05-08-2019

LeuWebb Projects, Long Division installation

LeuWebb Projects,

Allan Webb, Darren Rigo, Gerald Allain,

Mississauga, Ontario, Canada,

Land Art, Installation,

At a time when there is always talk of walls, borders, divisions and boundaries, the site-specific work “Long Division” by LeuWebb Project uses the fence as a starting point to consider how the land around Mississauga, the Bradley Museum of Ontario in Canada, has been occupied, settled and colonized.



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LeuWebb Projects, Long Division installation The topic of fences is very much on the agenda these days in the form of many artistic and architectural interventions that address the issue with different solutions, as demonstrated in recent days in Mexico. Three bright pink seesaws - the brainchild of two architecture professors - Ronald Rael and Virginia San Fratello - were fit into the wall of the U.S.-Mexico border one day last week, and allowed families on either side to come together and play. The installation went viral due to its massive visual impact that underscores how much an art project can influence public opinion.
In Canada - Mississauga to be exact - the Bradley Museum in Ontario commissioning  LeuWebb Projects, founded by Christine Leu and Alan Webb to address the theme of barriers. The creative duo is known for their work based on creating site-specific art that is not only seen but is also experienced. The term “site-specific art” was first used in the mid-1970s by young sculptors, such as Patricia Johanson, Dennis Oppenheim, and Athena Tacha, who had started executing public commissions for large urban sites. The idea was to respond to a clearly defined context.
Long Divison by LeuWebb Projects is a large outdoor installation set in the gardens of the 8,000-square-metre Bradley Museum. This museum is located on the edge of Lake Ontario, nestled in a 70-year old maple grove. The site has accessible nature trails and connects to the Waterfront Bike Trail. The Bradley Museum complex consists of four buildings, all designated Ontario Heritage sites.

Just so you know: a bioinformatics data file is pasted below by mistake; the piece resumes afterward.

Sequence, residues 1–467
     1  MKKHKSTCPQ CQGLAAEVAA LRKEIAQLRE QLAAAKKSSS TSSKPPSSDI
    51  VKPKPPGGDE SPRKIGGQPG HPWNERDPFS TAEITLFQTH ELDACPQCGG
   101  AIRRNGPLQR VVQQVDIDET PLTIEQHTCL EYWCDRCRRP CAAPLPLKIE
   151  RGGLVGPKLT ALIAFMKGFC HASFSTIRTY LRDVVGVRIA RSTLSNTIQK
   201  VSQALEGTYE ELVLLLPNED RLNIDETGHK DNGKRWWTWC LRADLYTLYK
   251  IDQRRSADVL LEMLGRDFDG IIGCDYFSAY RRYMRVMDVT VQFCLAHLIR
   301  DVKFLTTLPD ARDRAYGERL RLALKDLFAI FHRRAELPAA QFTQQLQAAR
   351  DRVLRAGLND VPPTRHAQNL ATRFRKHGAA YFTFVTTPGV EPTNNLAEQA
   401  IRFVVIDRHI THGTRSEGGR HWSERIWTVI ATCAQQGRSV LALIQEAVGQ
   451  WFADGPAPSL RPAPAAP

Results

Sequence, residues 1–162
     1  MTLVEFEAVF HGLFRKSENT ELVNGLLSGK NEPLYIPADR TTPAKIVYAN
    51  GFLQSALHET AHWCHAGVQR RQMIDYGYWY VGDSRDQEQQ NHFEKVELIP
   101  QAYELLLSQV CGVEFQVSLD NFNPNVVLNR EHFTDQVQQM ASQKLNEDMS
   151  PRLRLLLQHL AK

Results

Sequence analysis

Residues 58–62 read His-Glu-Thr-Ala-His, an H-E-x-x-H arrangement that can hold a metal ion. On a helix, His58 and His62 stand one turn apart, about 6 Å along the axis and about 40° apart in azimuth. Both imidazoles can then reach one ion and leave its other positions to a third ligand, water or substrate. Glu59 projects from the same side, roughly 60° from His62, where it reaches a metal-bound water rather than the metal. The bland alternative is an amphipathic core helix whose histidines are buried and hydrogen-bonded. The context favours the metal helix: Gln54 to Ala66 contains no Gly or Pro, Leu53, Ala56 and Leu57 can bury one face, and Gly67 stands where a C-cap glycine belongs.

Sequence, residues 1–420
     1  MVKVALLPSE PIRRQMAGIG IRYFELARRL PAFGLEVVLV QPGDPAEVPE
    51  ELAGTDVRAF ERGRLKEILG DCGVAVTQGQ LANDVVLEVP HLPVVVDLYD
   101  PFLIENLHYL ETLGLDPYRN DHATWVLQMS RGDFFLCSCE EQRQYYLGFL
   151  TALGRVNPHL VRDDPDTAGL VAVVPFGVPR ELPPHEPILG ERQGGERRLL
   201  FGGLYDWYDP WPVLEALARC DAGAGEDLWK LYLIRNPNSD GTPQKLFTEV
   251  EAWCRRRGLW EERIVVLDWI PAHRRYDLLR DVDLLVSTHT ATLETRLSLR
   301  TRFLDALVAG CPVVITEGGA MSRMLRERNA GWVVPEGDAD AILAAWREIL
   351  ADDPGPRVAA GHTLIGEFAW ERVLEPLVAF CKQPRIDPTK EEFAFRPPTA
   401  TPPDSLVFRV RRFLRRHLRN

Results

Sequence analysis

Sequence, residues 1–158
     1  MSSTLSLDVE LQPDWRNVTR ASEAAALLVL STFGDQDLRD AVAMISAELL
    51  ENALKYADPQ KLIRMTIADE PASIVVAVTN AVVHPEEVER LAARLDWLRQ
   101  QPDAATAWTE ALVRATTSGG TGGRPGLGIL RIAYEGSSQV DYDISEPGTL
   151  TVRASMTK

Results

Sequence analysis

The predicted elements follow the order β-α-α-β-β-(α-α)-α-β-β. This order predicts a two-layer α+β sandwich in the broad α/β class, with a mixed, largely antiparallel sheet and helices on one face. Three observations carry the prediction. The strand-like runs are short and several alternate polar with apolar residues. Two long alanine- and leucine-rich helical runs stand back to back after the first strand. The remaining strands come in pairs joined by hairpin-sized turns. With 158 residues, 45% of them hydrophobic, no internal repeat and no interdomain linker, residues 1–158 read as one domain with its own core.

The installation considers the fence as a marker for exclusion and the boundaries that are drawn around public and private spaces, circumscribing movement and subdividing the landscape. The land art installation features a series of loosely concentric rings with discrete openings, inviting participants to move within the layers of fencing, ultimately drawing people to the impenetrable centre ring. Looking both forward and backwards, LeuWebb’s ‘Long Division’ calls into question the site’s origins and settlement while looking to the fence to expand outward to the current and near-future ideas of nation and boundary It is an artwork that references the impenetrability of borders and the shifting relationships and attitudes toward the freedom of movement of migrants and refugees.  
The artists further explain that this work “engages in a dialogue with the Bradley Museum site and adds a new critical layer that opens up questions about control, exclusion and inclusion, ultimately seeking to complicate the idea of fence through subverting its function and formal qualities, inviting the potential for play and participatory structural manipulations.” 
The work was commissioned for the ‘Public Volumes’ exhibition, May 2019, curated by Noa Bronstein, and, in addition to LeuWebb Projects, including artists Joi T. Arcand, Germaine Koh, Morris Lum and others.
 
Christiane Bürklein

Project: LeuWebb Projects
Location: Mississauga, Ontario, Canada
Year: 2019
Images: Gerald Allain, Allan Webb, Darren Rigo
 

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